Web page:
Weber Rapid

After finishing Redside Rapid, a fast moving straightaway brings you to the next horizon line, Weber Rapid. At most water flows, Weber is fun, splashy, and not particularly hard. The rapid is characterized by an initial drop, followed by some holes in the middle of the rapid, and then a final, smaller drop towards the end. A left of center line the entire way is good to go. Smaller craft, especially duckies, are more likely to have issues here.

For the initial drop, my preference before committing to a line is to do a quick boat scout to more easily find the softest left of center spot in the drop / hole. (A boat scout means I stand on top of my cooler or frame for a better than sitting look.) Once through the drop, keep your eye out for a small to medium middle-of-the-rapid hole. You can plug this if you hit it straight, or go left of it, but you need to decide quickly as the current is moving fast here. Once through that, you’re in the home stretch for the final waves, keep it straight through these, they’re not as munchy but can still be plenty big.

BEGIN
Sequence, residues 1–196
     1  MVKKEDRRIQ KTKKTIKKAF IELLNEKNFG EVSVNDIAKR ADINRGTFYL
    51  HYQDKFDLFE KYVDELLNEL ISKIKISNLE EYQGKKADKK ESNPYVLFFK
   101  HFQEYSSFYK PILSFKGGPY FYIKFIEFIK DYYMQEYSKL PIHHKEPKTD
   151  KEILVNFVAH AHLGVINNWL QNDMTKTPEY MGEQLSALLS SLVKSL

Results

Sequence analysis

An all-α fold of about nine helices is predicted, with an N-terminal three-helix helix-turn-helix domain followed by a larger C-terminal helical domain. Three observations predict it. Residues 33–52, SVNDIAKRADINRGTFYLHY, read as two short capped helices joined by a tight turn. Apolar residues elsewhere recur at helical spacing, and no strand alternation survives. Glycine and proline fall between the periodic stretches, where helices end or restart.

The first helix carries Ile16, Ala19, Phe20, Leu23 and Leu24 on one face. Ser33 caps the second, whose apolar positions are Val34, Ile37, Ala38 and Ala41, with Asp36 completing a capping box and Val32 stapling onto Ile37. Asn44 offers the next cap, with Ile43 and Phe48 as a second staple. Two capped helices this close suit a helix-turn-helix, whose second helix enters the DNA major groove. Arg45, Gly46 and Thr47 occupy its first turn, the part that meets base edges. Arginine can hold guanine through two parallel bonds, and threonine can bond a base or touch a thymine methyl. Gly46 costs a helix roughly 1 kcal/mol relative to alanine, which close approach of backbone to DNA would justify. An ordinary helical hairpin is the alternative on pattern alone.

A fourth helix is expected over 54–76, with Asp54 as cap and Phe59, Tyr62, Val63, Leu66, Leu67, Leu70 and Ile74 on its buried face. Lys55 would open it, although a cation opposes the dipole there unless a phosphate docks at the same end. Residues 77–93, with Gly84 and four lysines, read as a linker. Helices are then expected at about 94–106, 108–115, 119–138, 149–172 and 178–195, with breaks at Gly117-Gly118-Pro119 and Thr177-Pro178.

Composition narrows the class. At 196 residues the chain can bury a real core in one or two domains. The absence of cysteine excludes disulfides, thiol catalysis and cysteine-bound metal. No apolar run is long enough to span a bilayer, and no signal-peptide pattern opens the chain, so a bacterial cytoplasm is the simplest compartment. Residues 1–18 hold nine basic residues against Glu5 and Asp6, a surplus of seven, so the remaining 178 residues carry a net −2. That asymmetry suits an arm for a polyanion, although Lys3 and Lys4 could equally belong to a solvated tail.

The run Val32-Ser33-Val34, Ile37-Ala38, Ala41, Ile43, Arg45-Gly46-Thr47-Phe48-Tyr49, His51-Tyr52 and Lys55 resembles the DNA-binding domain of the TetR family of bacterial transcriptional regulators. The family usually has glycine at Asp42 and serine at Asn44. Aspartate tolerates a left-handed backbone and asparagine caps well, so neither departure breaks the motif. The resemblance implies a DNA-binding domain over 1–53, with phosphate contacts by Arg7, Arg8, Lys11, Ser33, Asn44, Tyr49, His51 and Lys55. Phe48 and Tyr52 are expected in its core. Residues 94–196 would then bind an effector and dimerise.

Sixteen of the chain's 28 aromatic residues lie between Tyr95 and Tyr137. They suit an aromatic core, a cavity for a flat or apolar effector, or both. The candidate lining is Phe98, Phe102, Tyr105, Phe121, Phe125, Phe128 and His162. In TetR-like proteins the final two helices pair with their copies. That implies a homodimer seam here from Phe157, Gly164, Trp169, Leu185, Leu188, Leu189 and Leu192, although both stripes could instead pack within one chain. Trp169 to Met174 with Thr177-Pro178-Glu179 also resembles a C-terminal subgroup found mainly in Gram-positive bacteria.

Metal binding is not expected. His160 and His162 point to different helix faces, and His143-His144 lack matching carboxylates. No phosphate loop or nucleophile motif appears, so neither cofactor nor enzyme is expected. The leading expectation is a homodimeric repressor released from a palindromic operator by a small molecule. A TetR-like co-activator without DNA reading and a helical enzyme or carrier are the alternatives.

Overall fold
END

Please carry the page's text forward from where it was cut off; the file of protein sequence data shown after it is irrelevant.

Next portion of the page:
Duckies taking the left of center drop. Photo by Idaho River Journeys.

High angle at lower water showing you the top drop, center holes and bottom waves. Photo by Idaho River Journeys.

In this video you can see how the middle of the rapid hole can be a bit troublesome.